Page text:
In 1932 the Afsluitdijk was completed, an enclosure dam 32 km long and 90 meters wide (the not so easy to identify yellow line in above map). This had major consequences for Volendam, that traditionally had a lot of saltwater fishing. Postwar developments have also resulted in only a limited number of boats currently remaining from Volendam's once sizable fishing fleet.

Manneken Pis in Brussels and a scene of Venice
this picture and the next three (2009) 
courtesy of Allison (Flickr)

Molenaar's collection includes numerous images of historical buildings.

There are images of internationally known structures such as Saint Peter's Basilica in Rome, the Tower of Pisa, the Big Ben in London, the Cathedral in Cologne, the Statue of Liberty in New York.

But he also depicted Dutch buildings such as windmills, the Water Tower in Sneek, the Martini tower in Groningen, the St Vincentius Church in Volendam and the Basilica of Saint Servatius in Maastricht.

Molenaar also looked into completely different themes, such as all Volendam football players who in 1959 for the first time promoted to the premier league, all provincial arms of the Netherlands, the Dutch royal family with (the current king) Willem Alexander as a baby on the arm of his father prince Claus, maps of the Netherlands, and Manneken Pis in Brussels.

There are also images as above and below with black outlined scenes, for which the ends of the cigar bands were used.

After Nico Molenaar died on May 13, 1964, the entire collection, meanwhile including some 7 million cigarbands, was taken over by a neighbour, Jan Sombroek, who installed the collection in his own house.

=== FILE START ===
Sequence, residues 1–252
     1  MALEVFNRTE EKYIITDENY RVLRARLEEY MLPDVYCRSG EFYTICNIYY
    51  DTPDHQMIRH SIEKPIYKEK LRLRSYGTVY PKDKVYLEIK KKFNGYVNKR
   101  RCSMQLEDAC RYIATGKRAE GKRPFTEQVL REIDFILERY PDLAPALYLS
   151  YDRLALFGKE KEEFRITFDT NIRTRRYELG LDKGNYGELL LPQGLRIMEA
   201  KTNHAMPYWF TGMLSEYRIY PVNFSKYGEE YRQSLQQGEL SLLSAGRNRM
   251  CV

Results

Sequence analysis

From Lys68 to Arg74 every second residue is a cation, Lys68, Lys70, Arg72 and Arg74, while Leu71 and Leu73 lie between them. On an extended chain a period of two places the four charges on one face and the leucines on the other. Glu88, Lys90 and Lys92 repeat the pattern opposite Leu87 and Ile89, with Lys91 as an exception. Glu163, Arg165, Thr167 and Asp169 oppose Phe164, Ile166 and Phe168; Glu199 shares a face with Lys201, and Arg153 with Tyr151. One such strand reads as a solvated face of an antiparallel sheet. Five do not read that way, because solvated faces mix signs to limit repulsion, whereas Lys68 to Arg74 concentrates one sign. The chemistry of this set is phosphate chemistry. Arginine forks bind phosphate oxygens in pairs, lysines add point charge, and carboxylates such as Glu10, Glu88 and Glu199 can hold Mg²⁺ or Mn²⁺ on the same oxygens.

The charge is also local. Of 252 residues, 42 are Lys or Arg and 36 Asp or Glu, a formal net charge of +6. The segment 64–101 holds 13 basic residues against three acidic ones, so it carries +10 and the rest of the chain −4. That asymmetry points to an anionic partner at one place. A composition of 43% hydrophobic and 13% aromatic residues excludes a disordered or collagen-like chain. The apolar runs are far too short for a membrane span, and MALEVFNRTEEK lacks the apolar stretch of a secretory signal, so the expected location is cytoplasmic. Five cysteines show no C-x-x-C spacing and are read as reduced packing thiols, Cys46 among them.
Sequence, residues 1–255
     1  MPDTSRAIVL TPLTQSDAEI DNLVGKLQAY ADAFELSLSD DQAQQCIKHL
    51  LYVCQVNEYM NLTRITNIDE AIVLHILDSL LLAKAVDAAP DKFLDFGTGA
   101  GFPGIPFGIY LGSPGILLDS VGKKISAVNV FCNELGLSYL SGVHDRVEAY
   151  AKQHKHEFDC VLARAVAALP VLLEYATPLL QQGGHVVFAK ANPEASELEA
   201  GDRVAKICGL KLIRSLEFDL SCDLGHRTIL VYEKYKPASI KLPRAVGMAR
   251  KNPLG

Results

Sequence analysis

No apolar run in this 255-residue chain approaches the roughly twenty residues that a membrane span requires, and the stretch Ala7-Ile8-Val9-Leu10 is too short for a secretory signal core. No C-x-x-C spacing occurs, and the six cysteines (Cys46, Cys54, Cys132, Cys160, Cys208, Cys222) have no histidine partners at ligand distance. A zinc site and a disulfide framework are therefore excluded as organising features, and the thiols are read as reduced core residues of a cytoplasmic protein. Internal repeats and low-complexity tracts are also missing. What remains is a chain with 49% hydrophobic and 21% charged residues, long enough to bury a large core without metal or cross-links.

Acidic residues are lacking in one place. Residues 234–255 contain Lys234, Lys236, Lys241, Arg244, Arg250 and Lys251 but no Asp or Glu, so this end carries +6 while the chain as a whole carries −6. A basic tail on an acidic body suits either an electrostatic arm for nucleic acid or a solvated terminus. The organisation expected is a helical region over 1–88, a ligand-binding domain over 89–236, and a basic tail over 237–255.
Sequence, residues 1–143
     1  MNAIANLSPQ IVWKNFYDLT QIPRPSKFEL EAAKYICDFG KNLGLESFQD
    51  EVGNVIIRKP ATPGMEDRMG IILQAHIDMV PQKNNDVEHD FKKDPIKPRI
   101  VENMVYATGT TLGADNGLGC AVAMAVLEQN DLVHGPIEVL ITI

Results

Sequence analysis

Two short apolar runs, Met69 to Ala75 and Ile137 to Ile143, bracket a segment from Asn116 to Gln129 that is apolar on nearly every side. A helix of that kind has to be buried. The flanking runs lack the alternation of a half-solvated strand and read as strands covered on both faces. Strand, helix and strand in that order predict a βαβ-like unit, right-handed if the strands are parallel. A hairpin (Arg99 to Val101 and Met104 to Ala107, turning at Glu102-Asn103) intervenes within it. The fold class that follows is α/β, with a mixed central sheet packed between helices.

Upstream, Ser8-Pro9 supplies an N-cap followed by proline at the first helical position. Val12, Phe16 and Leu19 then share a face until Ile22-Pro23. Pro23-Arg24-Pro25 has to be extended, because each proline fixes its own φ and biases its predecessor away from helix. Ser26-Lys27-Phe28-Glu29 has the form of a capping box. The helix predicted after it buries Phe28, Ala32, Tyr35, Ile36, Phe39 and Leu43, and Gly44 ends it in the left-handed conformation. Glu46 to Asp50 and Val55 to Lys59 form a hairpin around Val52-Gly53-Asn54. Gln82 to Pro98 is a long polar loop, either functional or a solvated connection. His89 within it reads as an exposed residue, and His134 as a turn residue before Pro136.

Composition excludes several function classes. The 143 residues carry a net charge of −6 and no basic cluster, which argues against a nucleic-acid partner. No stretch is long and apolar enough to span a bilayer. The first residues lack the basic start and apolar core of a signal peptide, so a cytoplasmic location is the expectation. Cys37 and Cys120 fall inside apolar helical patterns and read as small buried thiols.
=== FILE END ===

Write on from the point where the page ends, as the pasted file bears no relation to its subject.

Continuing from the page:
In the 1960s in Volendam the arrival of international tourists started to increase and Sombroek and his wife Jannig Karregat have done a lot to transform the collection into a tourist attraction.

They added informative panels decorated with cigarbands to the collection, and also ship models and items like the decorated table tops, vases, (gin) jars and plates, covered with cigarbands, as in below picture.

In December 1993, the Volendams Museum bought the collection.

To accommodate it, a wing has been added to the museum building. On May 11, 1994 the first pile was driven by Nico's brother Jaap Molenaar (1903-1995), who at the time was 90 years old.

Volunteers carefully refurbished the panels as necessary and on May 5, 1995 the new museum hall was officially opened.

In 2017 the museum submitted an application to register Cigarbands House in the Guiness book of records. In this context also a promotional film was made (see documentation)

* Website of the Volendams Museum
* Article (April 2019) on weblog I Becoming Dutch
* Article (June 2017) in regional journal Groot Waterland
* More pictures of the creations on Flickr, by Leslie Gardner and by Allisson
* Video on Instagram showing the decorated panels as exposed in the Volendams Museum
* Video Cigarbands Mosaic made in the 1950s by Nelleke de Wit (YouTube, undated, 1'24") showing Nico Molenaar at work

* Video (2013, YouTube, 3'31") by madeleinepa3cuz, showing the setup of the panels with cigarbands in the Volendams Museum

* Video of a film (2017) made by the Volendams Museum to promote Molenaar's creation as the world's only cigarband house